Arthritis Specialists Pleasantville NJ

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Ana M Cilursu, MD
(609) 652-0944
803 E Lexington Ct
Galloway, NJ
Specialties
Internal Medicine, Rheumatology
Gender
Male
Education
Medical School: Univ Fed De Rio De Janeiro, Fac De Med,
Graduation Year: 1982

Data Provided By:
George J Halko
(609) 601-1080
408 Bethel Rd
Somers Point, NJ
Specialty
Rheumatology

Data Provided By:
Jeanne Pare, MD
(973) 989-0500
600 Mt Pleasant Ave
Dover, NJ
Business
Allergy, Asthma & Arthritis Assoc
Specialties
Rheumatology

Data Provided By:
Iain Lachlan McLean, MD
(732) 594-2205
PO Box 2000
Rahway, NJ
Specialties
Internal Medicine, Rheumatology
Gender
Male
Education
Medical School: Univ Of Otago, Med Sch, Dunedin, New Zealand
Graduation Year: 1985

Data Provided By:
Richard R Brodman, MD
(908) 561-7440
345 Somerset St
North Plainfield, NJ
Specialties
Internal Medicine, Rheumatology
Gender
Male
Education
Medical School: Suny-Hlth Sci Ctr At Brooklyn, Coll Of M
Graduation Year: 1973

Data Provided By:
David Martin Sagransky
(609) 653-6403
1701 New Rd
Linwood, NJ
Specialty
Rheumatology

Data Provided By:
Bessie Sullivan, MD
(908) 753-1133
35-37 Progress
Edison, NJ
Business
The Arthritis Allergy & Immunology Ctr
Specialties
Rheumatology

Data Provided By:
Richard Haddad, MD
(732) 842-3600
282 Broad St
Red Bank, NJ
Business
Allegra Arthritis Associates PC
Specialties
Rheumatology

Data Provided By:
Mark Fisher, MD
856-547-8004 x14
713 Station Ave
Haddon Heights, NJ
Specialties
Internal Medicine, Rheumatology
Gender
Male
Education
Medical School: Hahnemann Univ Sch Of Med, Philadelphia Pa 19102
Graduation Year: 1973
Hospital
Hospital: Our Lady Of Lourdes Med Ctr, Camden, Nj
Group Practice: Wellness Center At Haddon Hts

Data Provided By:
Tatyana Grinchenko
(973) 405-5163
871 Allwood Rd
Clifton, NJ
Specialty
Internal Medicine, Rheumatology

Data Provided By:
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Psoriatic Arthritis

A Patient's Guide to Psoriatic Arthritis

Introduction

Psoriasis is a disease that most people think of as primarily a skin disease because the condition causes a persistent rash in various areas of the body. Psoriatic arthritis is a type of joint disease that occurs in roughly seven percent of people who have psoriasis. Psoriatic arthritis affects people of all ages, but most get it between the ages of 30 and 50. Usually a patient has psoriasis (the skin rash) for many years before the arthritis develops, and the arthritis comes on slowly. But this is not always the case. No matter what, patients with psoriatic arthritis must manage both the outbreaks of itchy, scaly skin and the pain and stiffness of arthritis.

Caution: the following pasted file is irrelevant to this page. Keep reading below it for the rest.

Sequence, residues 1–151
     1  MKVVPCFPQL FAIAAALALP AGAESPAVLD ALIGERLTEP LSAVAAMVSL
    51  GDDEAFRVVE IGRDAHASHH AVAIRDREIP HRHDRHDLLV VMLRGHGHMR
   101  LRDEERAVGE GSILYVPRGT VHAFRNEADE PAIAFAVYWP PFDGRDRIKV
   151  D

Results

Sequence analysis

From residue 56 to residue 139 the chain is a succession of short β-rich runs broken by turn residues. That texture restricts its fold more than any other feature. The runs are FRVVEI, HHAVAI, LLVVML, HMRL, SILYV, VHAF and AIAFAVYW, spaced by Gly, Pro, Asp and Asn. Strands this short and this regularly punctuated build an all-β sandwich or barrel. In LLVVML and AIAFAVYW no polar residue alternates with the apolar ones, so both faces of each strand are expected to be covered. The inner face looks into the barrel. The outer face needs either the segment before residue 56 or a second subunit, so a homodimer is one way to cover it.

This guide will help you understand

  • how psoriatic arthritis develops
  • how doctors diagnose the condition
  • what can be done for the problem

Anatomy

Where does psoriatic arthritis develop?

Psoriatic arthritis can affect any joint. Its symptoms often seem like the symptoms of rheumatoid arthritis (RA) or degenerative arthritis of the spine. X-rays can be used to show the difference between psoriatic arthritis and other diseases. In psoriatic arthritis, X-rays show a very distinctive type of bone destruction around the joint and certain patterns of swelling in the tissues around the joints.

Patients with psoriatic arthritis fall into three groups. Many patients have what is called asymmetric arthritis. This means that only a few joints are involved and that it does not occur in the same joints on both sides of the body. (For example, only one wrist and one foot are affected.)

An equal number of patients suffer from symmetric polyarthritis. This means that arthritis occurs in several corresponding joints on both sides of the body. (For example, both elbows, both knees, and both hands are affected.) The polyarthritis type of psoriatic arthritis is much like RA.

A third group has mostly axial disease. This refers to arthritis of the spine, the sacroiliac joint (where the pelvis and bottom of the spine meet), or the hip and shoulder joints. Patients do not necessarily stay in the same category. Over time, the pattern may change. Doctors use these categories to better understand the disease and to follow the progression of the arthritis. The treatment is basically the same.

Causes

Why do I have this problem?

The exact cause of psoriatic arthritis is not known. Many factors seem to be involved in its development. Heredity--your genes--plays a major role. People who are closely related to someone with psoriatic arthritis are 50 times more likely to develop the disease themselves. Recent studies have located genetic markers shared by most people who have the disease.

Sometimes injuries seem to set off psoriatic arthritis. Infections also contribute to the disease. It is known that strep infections in children can cause psoriasis. Some researchers think that the arthritis may be...

Click here to read the rest of this article from eOrthopod.com